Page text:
Example 4.--A sample oi-raw Polkville clay having the same analysis as that given in Exwith 0.35 1b. of acid per pound of clay (diluted to 8% conc), and sub-- mittedto the cracking of West Texas gas oil under the same conditions as those given in Example i. vThe regeneration of this ktreated clay, however. was carried out in the substantial absence o! steam, the regenerating medium being air dlluted with nitrogen. it the end oi the fourth cycle the yield oi stable gasoline amounted to 36.5%. AExample 5.-In this experiment the raw Polkville clay was treated with 1.05 lbs. of acid per pound as in Example 2. and the regeneration was carried out in the absence of steam as described in Example 4. The yield oi stable gasoline at the end of the fourth cycle amounted to 39.5% by volume.

isexcludedduring treating with exclusion or steam from the regeneration gases has produced a higher conversion to gasoline than any of the previous examples.

The last tour experiments show that` if steam regeneration, 'the activity or the regenerated clay increases with increase in acid treatment of the clay up to the highest acid .treatment given in Example '1, whereas the treated clays regenerated with steam and air as shown by-Examples 1 to -3 appear to go through an optimum point for the acid treatment which optimum point is lower thanthe yield given in Example?, using a clay which would normally be considered an over-treated clay. The term Ioven-treated. clay in this specincation is used to designate clays obtained after drastic treatments-the amount oi reagent employed being more than that necessary for obtaining,` an opexamples or to any theory trampled- The Polkville clay ywas treated with 1.40 lbs. of acid per ample 3 and regenerated as described -in Example 4.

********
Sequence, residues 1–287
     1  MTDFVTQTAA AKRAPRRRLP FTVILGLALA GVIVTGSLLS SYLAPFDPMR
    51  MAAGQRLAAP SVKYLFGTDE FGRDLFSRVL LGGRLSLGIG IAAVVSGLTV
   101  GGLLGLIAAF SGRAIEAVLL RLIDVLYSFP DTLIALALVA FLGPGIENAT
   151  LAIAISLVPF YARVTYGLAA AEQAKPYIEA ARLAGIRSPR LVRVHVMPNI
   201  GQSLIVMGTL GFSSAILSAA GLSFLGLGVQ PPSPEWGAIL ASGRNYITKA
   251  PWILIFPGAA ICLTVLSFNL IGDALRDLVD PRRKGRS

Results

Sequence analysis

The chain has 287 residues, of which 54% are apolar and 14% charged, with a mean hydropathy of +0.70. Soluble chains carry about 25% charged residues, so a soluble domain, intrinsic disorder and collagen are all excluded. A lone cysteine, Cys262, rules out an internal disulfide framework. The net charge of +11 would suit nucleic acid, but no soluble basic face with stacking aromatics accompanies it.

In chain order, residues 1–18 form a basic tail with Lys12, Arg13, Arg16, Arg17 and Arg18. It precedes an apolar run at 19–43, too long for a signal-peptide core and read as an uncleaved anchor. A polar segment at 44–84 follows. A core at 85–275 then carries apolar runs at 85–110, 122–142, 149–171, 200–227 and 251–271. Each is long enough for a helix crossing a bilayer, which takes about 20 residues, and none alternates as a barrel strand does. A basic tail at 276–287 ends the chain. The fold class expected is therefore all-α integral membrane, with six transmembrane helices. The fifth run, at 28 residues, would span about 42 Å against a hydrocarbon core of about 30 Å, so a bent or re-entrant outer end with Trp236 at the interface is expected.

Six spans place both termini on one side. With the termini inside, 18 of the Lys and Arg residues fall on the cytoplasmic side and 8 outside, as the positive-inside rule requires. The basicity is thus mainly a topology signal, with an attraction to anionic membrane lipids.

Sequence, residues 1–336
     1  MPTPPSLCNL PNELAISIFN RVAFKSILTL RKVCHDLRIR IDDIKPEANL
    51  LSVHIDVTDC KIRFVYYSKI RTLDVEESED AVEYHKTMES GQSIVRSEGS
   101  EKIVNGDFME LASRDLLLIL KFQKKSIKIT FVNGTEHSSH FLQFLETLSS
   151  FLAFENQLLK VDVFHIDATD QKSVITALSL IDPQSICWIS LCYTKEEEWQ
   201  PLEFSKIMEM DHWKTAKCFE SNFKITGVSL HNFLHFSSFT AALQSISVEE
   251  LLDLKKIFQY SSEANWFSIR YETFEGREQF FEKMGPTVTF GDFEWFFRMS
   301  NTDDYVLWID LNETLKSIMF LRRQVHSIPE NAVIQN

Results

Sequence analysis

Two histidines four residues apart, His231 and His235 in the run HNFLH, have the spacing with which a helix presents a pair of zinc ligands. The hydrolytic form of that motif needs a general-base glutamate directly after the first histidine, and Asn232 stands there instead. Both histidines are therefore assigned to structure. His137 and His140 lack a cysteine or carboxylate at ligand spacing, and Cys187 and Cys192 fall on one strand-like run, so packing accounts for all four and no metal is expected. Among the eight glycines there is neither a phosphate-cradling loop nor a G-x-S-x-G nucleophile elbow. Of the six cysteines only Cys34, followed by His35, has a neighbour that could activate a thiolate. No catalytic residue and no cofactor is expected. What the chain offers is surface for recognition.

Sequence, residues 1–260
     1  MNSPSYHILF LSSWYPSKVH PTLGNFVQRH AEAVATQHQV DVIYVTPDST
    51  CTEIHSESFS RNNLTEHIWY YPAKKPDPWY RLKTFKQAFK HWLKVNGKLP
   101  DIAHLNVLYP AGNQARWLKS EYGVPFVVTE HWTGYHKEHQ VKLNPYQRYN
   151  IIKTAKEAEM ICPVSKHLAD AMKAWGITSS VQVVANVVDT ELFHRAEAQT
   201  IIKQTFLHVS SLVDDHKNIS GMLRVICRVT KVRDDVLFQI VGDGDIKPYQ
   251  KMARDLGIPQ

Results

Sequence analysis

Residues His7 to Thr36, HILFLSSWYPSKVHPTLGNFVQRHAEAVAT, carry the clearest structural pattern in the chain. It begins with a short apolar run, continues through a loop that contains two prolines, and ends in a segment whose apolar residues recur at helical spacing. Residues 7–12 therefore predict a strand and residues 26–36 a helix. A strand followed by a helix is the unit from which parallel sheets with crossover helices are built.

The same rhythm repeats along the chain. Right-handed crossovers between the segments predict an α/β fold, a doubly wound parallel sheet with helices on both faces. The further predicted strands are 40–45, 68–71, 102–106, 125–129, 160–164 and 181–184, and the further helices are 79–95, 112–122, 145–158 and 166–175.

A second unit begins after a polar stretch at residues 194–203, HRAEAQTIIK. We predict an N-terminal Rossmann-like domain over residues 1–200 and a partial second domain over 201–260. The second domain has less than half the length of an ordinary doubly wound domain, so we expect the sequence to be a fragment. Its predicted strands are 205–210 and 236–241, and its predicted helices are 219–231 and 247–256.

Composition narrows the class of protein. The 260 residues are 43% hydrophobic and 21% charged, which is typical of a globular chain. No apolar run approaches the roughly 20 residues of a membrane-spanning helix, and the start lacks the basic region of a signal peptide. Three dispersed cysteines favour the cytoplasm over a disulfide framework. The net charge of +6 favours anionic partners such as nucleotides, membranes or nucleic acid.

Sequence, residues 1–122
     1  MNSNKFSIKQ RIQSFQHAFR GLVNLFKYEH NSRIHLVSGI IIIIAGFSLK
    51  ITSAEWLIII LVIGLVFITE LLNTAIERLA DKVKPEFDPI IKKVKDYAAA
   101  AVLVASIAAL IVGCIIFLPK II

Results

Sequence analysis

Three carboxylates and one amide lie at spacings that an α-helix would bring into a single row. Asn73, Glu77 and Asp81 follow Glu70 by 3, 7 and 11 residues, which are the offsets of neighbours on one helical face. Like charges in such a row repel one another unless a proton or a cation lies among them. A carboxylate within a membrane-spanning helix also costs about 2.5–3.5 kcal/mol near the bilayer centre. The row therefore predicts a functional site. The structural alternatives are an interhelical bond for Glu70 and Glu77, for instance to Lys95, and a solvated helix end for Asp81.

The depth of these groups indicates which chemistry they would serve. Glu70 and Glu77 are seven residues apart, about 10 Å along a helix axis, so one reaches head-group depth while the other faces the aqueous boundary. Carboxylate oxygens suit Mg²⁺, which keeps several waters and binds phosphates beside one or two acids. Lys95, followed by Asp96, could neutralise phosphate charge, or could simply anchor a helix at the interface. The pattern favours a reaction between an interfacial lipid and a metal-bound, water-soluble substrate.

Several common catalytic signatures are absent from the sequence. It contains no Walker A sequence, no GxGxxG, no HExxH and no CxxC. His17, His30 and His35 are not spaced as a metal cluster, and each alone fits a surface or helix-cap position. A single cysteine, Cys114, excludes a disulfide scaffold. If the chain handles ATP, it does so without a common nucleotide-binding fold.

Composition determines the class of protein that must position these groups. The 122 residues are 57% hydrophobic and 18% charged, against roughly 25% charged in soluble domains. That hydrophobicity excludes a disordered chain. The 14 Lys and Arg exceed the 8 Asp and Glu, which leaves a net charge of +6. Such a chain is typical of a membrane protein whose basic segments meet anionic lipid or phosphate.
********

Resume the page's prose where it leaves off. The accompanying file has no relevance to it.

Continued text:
pound of clay as in Exin the absence oisteam At the end o! the the yield oi stable gaso Example 7.-'-Treating the Polkville clay of Example 6 even more strongly, a removal of '10% of the impurities was effected as compared to 60% removed by the treat given in the previous exunder similar testing conditions in the absence oi moisture, a conversion to stable gasoline ot 43%. 'It is thus apparent that this combination of ya high degreev of acid timum activity when employed.

Various other modiilcations and alterations may be made within the spirit and scope of the invention, but the invention is not limited to any or mechanism ci opiollowing claims in which the invention as broadly steam-air regeneration is eration. but only to the it is intended to cover as the prior art permits:

I claim:

1. In the catalytic conversion of hydrocarbon oils wherein the conversion is effected in the presence of acid activated clays and wherein said clays are subjected to periodicregenerating treatments with an oxidizing gas to remove carbonaceous deposits formed during the conversion operation, the improvement which comprises employing as a catalyst in said process a bentonitic clay which in raw state has been pretreated with` a diluted strong mineral acid in an amount to remove over 50% of its original impurltieshanci carrying out the regeneration of said clay in the absence of a substantial amount oi water vapor.